If the bank was not a nominated bank, then the form of the agreement would be appropriate. The assigned rights would be the only enforceable rights of the bank against the issuing bank and, indeed, the only source of a right to present the documents to the issuing bank.

Reimbursement by BOI: As a nominated bank that negotiated a complying presentation, the defendant was entitled to be reimbursed by the BOI at maturity of the credit. Importantly, this obligation of BOI is independent of BOI's undertaking to the beneficiary.19

This means that even if BOI had a defence against the plaintiff's claim, it had no defence against a claim by the defendant.20

Action against BOI: A letter of credit, like any other contract, may specify its governing law. In the absence of a specific choice of governing law, the 'proper law of the contract' governs.

The 'proper law of the contract' when the contract is a letter of credit is the place where the documents are to be presented and the credit honoured.21 That place was clearly contemplated as being in Australia and, since the defendant was named as the advising and nominated bank, probably South Australia.

Assuming that the credit did not specify a choice of law, then the defendant bank could easily have brought an action against the BOI in Australia, probably obtaining a default judgment.

The UK courts have held that a restraining order against payment of a credit will be ignored unless it is issued under the proper law of the contract.22

Implied terms: Implied terms found by the court provide a fair outcome for the Greenhill case, but the solution is not satisfactory. Implied terms are notoriously 'unstable' in the sense that two different courts may come to quite different conclusions.

An implied term solution is also unsatisfactory since the defendant's solicitors are, no doubt, already busy re-drafting the standard agreement to exclude the implied terms. The implied term solution is a likely to be a one-off solution.

The defendant in the Greenhill case would undoubtedly object to the term 'solution' in the preceding paragraph. However, it seems obvious that the letter of credit structure presumes that the negotiating bank will take steps to obtain reimbursement.

Recourse: Obtaining a right of recourse against a beneficiary who makes a complying presentation is clearly against the spirit and purpose of documentary credits. Given the rules concerning terms incorporated by reference, it seems impossible to prevent banks from engaging in the procedure. Even if the ICC rules were amended to prevent unfair recourse, an express term allowing it would be given priority.

One possibility of preventing the practice is the unconscionability provisions of the Competition and Consumer Act. In one performance bond case, Skodaexport,23 Batt J noted that acting within one's strict legal rights might be `unconscionable' for the purposes of Act. Drawing on a standby credit was also found to be unconscionable in Boral Formwork & Scaffolding Pty Ltd v Action Makers Ltd (in administrative receivership) [2003] NSWSC 713.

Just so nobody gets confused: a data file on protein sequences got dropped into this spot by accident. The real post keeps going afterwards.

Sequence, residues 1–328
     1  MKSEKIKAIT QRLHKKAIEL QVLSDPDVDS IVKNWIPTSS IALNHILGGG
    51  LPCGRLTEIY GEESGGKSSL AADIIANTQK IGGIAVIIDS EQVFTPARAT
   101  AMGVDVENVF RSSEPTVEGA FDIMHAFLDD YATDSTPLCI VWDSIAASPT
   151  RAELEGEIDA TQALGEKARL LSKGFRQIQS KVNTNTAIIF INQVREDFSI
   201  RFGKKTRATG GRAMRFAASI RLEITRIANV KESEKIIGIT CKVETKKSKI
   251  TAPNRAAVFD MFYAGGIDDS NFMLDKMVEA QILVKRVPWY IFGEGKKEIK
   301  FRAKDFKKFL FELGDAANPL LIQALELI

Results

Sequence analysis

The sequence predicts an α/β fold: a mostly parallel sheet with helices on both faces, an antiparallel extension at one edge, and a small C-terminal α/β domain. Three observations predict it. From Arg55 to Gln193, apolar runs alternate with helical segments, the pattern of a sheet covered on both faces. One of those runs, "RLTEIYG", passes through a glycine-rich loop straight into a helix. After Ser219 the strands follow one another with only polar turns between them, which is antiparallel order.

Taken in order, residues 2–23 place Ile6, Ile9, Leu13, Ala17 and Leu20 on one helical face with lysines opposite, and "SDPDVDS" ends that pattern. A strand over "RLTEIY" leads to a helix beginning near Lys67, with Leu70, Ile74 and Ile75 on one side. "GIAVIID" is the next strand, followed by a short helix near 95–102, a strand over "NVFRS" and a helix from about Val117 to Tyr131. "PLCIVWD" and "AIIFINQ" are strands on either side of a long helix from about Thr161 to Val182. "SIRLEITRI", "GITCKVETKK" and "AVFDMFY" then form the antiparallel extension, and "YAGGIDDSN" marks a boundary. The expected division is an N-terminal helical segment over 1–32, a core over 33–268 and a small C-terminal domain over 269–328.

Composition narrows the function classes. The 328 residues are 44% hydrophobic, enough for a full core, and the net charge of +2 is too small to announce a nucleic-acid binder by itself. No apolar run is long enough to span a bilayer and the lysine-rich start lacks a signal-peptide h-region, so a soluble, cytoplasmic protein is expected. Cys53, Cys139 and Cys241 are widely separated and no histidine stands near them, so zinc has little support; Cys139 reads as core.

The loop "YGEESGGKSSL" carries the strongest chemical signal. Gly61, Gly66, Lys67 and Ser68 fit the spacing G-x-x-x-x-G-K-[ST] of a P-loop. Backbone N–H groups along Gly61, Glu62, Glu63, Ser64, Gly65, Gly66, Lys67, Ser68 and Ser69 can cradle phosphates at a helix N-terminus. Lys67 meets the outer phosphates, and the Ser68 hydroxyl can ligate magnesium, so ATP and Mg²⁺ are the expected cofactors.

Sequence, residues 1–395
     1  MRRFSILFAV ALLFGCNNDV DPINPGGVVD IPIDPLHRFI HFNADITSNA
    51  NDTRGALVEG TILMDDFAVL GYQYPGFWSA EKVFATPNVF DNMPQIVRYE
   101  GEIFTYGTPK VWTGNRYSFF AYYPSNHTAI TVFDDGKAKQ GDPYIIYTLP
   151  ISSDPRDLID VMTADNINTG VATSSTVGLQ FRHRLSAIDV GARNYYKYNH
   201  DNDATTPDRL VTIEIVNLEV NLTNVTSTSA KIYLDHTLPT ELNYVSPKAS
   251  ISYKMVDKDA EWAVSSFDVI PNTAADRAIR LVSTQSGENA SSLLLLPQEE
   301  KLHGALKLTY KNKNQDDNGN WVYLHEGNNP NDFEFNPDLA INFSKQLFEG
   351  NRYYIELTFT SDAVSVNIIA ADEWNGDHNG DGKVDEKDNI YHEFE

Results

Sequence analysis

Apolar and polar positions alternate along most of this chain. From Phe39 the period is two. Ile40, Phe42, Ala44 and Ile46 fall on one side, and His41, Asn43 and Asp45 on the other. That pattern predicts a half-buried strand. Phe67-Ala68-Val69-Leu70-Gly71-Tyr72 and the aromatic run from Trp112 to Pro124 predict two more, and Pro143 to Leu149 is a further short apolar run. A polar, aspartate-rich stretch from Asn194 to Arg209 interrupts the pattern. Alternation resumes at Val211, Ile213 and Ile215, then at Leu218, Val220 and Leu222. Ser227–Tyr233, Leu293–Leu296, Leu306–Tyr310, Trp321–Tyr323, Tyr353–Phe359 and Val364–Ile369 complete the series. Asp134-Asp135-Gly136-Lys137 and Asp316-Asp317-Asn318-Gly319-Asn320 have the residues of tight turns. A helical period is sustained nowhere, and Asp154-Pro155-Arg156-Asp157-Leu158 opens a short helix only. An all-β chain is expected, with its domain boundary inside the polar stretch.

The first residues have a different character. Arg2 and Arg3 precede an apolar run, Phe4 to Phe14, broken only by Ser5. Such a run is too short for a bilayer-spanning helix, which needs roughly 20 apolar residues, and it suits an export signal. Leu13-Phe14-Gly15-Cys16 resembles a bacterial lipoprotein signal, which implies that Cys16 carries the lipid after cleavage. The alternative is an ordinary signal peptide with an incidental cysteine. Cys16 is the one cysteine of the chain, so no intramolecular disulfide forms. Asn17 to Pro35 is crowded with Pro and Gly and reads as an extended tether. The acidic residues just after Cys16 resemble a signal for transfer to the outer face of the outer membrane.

In both Skodaexport and Boral Formwork the purpose of the bonds could be fulfilled while still granting a partial injunction. Similarly, it might be found that it would be unconscionable for a bank to seek recourse against the beneficiary without first pursuing its rights against the issuing bank.

This is particularly so since the bank has suffered no loss: it still has the right to be reimbursed by BOI.

The Greenhill case is under appeal.



Art 1 UCP 600, but this also follows from the rules concerning conflict between express terms and terms incorporated by reference.


Art 1 UCP 600; the autonomy principle was well established before the UCP; see, for example, Urquhart Lindsay & Co Ltd v Eastern Bank Ltd [1922] 1 KB 318. The principle also applies to performance bonds and standby letters of credit: see Edward Owen Engineering Ltd v Barclays Bank International Ltd and Umma Bank [1978] QB 159; Wood Hall Ltd v The Pipeline Authority (1979) 141 CLR 443.


Art 4 UCP 600. The UCP does not mention the fraud exception to the autonomy principle. Other exceptions exist: see Weaver et al, The law relating to banker and customer in Australia, (3rd ed, Thomson Lawbook Co 2003)


Art 5 UCP 600.


Weaver et al, The law relating to banker and customer in Australia, (Third ed, Thomson Lawbook Co 2003) for a discussion of the autonomy principle and its exceptions.


Art 8 UCP 600.


Art 2 UCP 600.


Art 7(c) UCP 600.


Art 12(b) UCP 600.


See, for example, Banco Santander S A v Banque Paribas [2000] EWCA Civ 57 where fraud by the beneficiary was discovered; see also Alan L Tyree, Deferred payment letters of credit, (2013) 24 JBFLP 66.


Art 12(a) UCP 600.


See, for example, Ford Motor Company of Australia Ltd v Arrowcrest Group Pty Ltd [2002] FCA 1156 and Modern Buildings Wales Ltd v Limmer and Trinidad Co Ltd [1975] 1 WLR 1281. Of course, the UCP itself permits a credit to exclude or modify terms: Art 1 UCP 600.


Based on the conditions explained by the High Court in BP Refinery (Westernport) Pty Ltd v Hastings [1977] HCA 40 and Codelfa Construction Pty Ltd v State of New South Wales [1982] HCA 24.


At para 55.


At para 57.


Art 7(b) and (c) UCP 600.


See Banco Santander S A v Banque Paribas [2000] EWCA Civ 57.


Art 7(c) UCP 600.


Art 7(c) UCP 600.


Essentially overturning the decision in Banco Santander S A v Banque Paribas [2000] EWCA Civ 57. See also Fortis Bank SA/NV v Indian Overseas Bank [2011] EWCA Civ 58.


Power Curber International Ltd v National Bank of Kuwait SAK [1981] 1 WLR 1233


Power Curber International Ltd v National Bank of Kuwait SAK [1981] 1 WLR 1233 where the credit was payable in North Carolina. The issuing bank was in Kuwait and a Kuwaiti court has issued a 'provisional attachment'.


Olex Focas Pty Ltd v Skodaexport Co Ltd [1998] 3 VR 380.

Author: Alan L Tyree

Created: 2013-11-12 Tue 09:39

Emacs 24.3.1 (Org mode 8.0.2)